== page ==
Andy Muschietti: Yeah! And then along came Finn [Wolfhard], and I immediately realized this kid had a burning need inside to express himself and be funny and when I saw him, I said, “Yeah, that’s him.”
Which is funny since his role on Stranger Things is much more like Bill Denborough.
Andy Muschietti: Yeah, I know. I actually didn’t know about Stranger Things when we started production because [the show] came out in the middle of the shoot and I didn’t want to see [it] because people were already talking about the similarities. But yeah, they’re very different characters. You cannot judge Finn for Richie Tozier by watching Stranger Things.
One of the characters that really evolved from both the book and the 1990 miniseries in really interesting ways that corresponded with the time a lot was the treatment of Beverly Marsh. There was a real freshness to her character and how much of that was in the script and how much of that came from your work with Sophia Lillis?
Andy Muschietti: Half of it was in the script and half of it from developing the character with her. A lot of things, like the intimacy of her character, came from the shoot. I wanted to translate that loneliness that all of the Losers feel at some point, but Beverly in particular because she’s living her own personal hell of being in a house with an abusive father. So, there’s bits and pieces in the movie where you can feel that intimate loneliness and those were not in the script.
Out of all the Losers she seems most like an adult, and her torrential experiences made her seem even more like a mentor in some ways to her friends. Was that an intentional choice?
Andy Muschietti: You know, what I found in the Palmer screenplay was not focused on that too much. I wanted to bring that quality of leadership that was always given to Bill and Mike in the book. It comes from a different angle because when Beverly erupts into the group, she becomes sort of a guiding light because she’s audacious, and even though she lives a terrible nightmare at home, she has guts. Like that scene where she jumps into the quarry … she’s doing something that nobody had the balls to do.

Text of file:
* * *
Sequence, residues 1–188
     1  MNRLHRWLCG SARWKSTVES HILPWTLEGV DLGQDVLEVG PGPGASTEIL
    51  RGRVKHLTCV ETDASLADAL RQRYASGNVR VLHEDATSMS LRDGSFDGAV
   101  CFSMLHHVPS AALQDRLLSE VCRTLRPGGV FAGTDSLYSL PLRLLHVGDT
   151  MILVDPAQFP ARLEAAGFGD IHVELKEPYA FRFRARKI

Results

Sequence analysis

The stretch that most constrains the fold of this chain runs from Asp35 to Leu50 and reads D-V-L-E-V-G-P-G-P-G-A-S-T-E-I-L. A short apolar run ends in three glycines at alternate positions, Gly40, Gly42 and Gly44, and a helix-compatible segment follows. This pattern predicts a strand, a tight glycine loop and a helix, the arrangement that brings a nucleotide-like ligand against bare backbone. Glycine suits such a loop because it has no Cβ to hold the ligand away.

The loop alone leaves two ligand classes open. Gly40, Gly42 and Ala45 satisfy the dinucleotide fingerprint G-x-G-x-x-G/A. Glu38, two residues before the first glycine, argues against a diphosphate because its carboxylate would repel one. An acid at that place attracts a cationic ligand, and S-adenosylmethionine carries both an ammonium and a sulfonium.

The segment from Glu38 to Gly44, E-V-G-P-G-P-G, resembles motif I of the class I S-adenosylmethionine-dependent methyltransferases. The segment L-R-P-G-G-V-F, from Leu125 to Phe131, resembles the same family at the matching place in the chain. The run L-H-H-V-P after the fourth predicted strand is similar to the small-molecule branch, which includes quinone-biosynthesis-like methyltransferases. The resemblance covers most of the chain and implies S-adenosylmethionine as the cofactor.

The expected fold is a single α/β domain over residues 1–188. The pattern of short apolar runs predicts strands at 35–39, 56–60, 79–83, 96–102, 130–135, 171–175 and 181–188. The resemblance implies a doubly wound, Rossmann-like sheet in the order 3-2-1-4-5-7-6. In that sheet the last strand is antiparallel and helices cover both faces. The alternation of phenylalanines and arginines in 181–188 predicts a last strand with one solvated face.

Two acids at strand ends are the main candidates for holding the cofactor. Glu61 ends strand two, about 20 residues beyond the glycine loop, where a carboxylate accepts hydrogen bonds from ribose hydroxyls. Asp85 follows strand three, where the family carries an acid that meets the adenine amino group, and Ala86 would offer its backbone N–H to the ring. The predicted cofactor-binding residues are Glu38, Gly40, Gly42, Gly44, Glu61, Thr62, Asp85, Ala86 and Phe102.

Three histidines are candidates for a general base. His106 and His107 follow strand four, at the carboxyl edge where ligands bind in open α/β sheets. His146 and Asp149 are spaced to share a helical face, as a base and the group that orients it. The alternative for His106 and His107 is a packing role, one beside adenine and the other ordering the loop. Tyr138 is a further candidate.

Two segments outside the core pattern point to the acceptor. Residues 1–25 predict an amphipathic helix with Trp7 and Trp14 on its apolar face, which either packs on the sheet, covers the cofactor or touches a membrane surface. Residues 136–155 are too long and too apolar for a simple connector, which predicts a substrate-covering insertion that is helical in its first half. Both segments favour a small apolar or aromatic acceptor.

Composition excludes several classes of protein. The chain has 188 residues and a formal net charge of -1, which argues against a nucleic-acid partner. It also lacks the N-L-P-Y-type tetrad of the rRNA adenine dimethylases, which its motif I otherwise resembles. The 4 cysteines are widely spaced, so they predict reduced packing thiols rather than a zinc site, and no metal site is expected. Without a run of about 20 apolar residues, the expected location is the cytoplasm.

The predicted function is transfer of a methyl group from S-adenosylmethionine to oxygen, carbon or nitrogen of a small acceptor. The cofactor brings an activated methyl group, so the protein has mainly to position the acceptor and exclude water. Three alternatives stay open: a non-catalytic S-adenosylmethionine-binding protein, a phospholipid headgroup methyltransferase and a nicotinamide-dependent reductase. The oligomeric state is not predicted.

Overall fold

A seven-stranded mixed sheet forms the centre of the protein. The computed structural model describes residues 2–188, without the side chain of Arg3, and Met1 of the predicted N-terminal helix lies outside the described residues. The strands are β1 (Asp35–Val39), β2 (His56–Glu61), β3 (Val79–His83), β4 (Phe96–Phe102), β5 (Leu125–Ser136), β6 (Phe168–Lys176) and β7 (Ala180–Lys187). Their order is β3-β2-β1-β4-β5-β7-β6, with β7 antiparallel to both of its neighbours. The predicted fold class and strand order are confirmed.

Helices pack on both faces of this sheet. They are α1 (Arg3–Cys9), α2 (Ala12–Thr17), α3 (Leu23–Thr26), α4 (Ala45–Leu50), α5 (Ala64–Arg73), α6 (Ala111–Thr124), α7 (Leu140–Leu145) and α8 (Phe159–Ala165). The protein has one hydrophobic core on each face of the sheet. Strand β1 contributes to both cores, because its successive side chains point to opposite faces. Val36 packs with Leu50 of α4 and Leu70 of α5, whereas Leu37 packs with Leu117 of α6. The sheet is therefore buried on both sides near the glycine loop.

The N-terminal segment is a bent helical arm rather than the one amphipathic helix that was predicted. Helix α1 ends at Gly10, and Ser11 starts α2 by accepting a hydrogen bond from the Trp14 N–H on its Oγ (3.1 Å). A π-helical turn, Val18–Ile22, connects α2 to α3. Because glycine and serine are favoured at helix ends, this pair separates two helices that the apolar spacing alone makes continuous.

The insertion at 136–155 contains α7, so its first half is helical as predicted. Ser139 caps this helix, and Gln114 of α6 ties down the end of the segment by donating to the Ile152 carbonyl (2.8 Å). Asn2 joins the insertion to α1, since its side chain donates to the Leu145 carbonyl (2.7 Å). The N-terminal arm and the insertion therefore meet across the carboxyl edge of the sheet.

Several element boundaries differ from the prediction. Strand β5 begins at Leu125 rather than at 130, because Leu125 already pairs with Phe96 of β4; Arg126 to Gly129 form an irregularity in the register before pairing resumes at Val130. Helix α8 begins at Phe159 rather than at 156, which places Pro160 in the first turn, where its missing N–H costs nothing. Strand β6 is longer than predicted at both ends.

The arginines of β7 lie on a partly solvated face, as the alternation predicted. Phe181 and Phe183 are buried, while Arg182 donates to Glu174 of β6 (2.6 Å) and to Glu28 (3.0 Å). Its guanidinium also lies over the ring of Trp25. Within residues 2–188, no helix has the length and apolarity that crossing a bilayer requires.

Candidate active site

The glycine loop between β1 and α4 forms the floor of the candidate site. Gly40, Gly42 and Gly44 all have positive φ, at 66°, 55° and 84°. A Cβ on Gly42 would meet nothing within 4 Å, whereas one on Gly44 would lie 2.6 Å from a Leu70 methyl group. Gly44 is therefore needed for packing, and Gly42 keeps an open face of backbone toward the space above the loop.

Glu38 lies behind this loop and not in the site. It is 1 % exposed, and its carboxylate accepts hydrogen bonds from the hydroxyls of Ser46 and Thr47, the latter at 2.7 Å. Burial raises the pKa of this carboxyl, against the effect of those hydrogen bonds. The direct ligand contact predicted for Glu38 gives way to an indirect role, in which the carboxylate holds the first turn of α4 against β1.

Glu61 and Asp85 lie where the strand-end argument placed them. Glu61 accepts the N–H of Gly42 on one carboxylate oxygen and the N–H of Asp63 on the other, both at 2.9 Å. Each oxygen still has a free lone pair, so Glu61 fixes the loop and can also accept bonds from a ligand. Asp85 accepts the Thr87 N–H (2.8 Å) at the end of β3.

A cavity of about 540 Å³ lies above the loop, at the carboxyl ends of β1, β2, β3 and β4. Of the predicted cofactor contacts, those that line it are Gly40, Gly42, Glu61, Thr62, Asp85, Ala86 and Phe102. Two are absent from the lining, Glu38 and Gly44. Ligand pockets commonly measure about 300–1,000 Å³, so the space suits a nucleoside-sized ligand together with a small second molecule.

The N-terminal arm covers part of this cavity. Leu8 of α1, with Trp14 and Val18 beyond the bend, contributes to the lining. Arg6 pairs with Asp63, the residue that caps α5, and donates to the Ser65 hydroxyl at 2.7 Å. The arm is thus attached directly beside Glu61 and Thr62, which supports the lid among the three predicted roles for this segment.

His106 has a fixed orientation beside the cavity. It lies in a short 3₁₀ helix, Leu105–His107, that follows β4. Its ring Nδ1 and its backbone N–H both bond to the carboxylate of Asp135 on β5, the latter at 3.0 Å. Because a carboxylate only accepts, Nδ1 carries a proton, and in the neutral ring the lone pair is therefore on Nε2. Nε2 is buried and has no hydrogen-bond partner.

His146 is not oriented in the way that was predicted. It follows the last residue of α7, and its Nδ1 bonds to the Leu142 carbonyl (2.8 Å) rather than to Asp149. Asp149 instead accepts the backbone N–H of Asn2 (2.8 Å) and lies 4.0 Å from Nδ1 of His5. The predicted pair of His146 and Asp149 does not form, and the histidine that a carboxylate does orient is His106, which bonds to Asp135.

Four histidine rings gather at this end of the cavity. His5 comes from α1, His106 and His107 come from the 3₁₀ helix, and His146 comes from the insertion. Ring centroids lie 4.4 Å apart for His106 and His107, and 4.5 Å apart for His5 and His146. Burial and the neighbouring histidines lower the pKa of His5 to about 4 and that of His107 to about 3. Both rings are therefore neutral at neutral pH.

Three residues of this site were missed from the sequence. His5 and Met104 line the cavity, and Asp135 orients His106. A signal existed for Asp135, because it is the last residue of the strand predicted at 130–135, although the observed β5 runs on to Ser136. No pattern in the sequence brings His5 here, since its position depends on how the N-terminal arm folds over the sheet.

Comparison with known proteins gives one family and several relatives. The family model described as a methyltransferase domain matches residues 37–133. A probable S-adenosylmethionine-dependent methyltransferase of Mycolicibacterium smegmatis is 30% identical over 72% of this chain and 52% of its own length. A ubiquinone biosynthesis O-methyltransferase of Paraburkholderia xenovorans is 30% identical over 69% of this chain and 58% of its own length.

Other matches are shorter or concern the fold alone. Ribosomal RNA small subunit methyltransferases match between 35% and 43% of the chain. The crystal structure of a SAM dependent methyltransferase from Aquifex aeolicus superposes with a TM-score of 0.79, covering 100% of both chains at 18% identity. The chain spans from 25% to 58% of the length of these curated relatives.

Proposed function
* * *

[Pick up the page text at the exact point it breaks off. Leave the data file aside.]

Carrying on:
Did you feel any pressure taking over a pre-existing script? Would you have preferred to start from scratch?
Andy Muschietti: No, because there were things in the existing script that were really good that I thought were worth keeping. But immediately, when I read the script, the ideas and thoughts, they came naturally to me, because it’s easy when you have someone who wrote [their] version of the story and [you] put it together with your ideas, and it’s like, “Oh, I would do this different, I would dig deeper, and do that and this.”
Talking about Beverly, for instance, the whole sequence where she cuts her hair as an act of, not rebellion, but taking control as she’s turning into a woman and her father expresses that weird fixation on her hair … that was something I created. You know, she goes to the bathroom, cuts her hair, the hair goes into the sink — and the hair for her is a symbol of something horrifying — and it comes back. That was an incarnation of the sink scene.
In the book, it’s just the blood that comes out.